I haven’t always felt abundant. After getting two degrees, I owe way more student loans than I want to think about. I rent a condo and share a car with my boyfriend. And like many Americans, I live paycheck to paycheck.
So I was excited to attend an online Living Abundantly workshop with Rev. Ken Daigle. It was an eye-opening experience that left me thinking about the concept of abundance in different ways. Here are the biggest lessons I took away from the event.
Abundance Is Not Just About Money
When we talk about abundance, I always tend to think in terms of financial prosperity, but there is much more to it. Rev. Ken defined abundance as “the free flow of ideas and an effortless way of life.” This may include:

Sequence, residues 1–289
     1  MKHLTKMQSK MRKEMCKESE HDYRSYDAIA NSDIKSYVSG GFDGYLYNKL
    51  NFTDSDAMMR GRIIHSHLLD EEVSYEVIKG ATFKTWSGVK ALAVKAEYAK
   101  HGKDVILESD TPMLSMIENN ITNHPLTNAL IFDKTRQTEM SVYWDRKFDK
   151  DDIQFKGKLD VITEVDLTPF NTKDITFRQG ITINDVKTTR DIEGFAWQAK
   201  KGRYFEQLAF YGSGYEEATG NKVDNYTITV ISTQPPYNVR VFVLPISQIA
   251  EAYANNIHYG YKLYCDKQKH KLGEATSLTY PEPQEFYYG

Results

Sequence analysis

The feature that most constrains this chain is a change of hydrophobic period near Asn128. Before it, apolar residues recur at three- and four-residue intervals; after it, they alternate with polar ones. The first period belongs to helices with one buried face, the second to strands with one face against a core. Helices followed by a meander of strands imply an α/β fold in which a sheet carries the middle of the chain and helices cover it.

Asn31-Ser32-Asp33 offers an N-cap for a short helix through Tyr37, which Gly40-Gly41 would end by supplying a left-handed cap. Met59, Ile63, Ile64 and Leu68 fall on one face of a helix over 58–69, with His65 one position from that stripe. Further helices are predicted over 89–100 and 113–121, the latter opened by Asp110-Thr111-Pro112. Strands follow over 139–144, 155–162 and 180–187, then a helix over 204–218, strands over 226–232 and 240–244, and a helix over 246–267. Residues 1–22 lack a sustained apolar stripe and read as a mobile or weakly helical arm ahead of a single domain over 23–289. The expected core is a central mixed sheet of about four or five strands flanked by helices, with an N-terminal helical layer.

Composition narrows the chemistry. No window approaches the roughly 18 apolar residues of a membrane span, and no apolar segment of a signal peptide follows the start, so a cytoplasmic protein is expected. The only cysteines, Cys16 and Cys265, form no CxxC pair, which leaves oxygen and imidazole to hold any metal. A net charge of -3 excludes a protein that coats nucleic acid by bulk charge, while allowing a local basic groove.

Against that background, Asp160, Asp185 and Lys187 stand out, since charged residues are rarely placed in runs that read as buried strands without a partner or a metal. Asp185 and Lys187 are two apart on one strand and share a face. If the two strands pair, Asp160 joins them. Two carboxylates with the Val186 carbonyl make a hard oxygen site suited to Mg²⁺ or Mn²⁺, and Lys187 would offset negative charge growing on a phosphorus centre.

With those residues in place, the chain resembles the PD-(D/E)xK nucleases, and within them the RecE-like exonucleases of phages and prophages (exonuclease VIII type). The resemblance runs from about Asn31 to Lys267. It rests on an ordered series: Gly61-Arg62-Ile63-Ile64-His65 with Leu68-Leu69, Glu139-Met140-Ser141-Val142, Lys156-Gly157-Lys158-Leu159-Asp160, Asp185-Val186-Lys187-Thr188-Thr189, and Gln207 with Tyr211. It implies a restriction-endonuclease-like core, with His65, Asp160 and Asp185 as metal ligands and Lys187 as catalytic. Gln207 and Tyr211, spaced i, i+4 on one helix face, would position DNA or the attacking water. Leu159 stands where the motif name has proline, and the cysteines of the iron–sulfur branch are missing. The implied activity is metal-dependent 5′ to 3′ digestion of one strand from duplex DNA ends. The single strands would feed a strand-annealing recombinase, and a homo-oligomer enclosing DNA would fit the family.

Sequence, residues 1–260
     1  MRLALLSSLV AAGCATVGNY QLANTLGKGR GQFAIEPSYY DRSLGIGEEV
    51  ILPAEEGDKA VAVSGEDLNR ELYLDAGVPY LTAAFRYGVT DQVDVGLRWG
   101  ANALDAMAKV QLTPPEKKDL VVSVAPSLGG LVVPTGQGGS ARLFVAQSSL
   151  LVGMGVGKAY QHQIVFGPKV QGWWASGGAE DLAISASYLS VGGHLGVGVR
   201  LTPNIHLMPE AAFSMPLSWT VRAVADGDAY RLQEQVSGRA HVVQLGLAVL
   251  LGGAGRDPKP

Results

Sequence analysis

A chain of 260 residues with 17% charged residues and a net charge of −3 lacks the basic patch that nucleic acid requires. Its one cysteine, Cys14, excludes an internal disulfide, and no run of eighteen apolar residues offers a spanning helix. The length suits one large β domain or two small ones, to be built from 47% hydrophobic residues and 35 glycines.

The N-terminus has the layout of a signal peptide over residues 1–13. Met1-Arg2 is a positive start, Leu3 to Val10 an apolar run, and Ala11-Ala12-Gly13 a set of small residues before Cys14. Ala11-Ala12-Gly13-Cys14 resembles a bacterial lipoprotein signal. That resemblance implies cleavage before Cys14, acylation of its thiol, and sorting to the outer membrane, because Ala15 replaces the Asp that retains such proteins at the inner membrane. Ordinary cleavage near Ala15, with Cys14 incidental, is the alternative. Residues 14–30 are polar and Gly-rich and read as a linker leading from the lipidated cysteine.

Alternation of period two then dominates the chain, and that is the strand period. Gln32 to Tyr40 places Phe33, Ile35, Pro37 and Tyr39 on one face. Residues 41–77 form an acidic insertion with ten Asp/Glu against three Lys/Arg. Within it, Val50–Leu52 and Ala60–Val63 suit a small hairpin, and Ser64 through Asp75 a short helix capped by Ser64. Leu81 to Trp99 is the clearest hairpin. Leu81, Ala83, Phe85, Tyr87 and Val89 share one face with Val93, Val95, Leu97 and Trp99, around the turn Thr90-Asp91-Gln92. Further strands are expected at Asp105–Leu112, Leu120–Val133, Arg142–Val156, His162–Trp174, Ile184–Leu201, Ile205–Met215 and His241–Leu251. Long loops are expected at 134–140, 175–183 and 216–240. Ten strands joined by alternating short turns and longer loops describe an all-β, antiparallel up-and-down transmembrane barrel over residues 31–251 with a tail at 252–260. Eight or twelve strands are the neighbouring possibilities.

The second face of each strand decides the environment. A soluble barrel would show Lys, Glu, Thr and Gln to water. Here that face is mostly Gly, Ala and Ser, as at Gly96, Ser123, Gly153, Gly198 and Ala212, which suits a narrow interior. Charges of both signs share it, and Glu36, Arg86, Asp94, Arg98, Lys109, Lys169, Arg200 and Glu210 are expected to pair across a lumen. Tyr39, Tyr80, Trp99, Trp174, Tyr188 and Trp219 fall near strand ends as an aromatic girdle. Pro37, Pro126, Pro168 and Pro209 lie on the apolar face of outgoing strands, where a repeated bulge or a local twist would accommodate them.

- Vibrant health—Having vibrant health doesn’t mean that there aren’t any health challenges, but rather that you are not defined by a diagnosis.
- Fulfilling relationships—We are here to connect with each other, and having meaningful relationships adds to our fulfillment.
- Work you love—We can do our divine work in any job. Also, to explore work you love doesn’t mean you can only look for paid opportunities.
- Financial freedom—While abundance is about more than just money, it’s easier to feel abundant when you have financial freedom. When you are feeling tight and constricted, you may need to look for another channel to be opened.
- Leisure time—Abundance is also about having the ability to sit back, relax, and enjoy your life.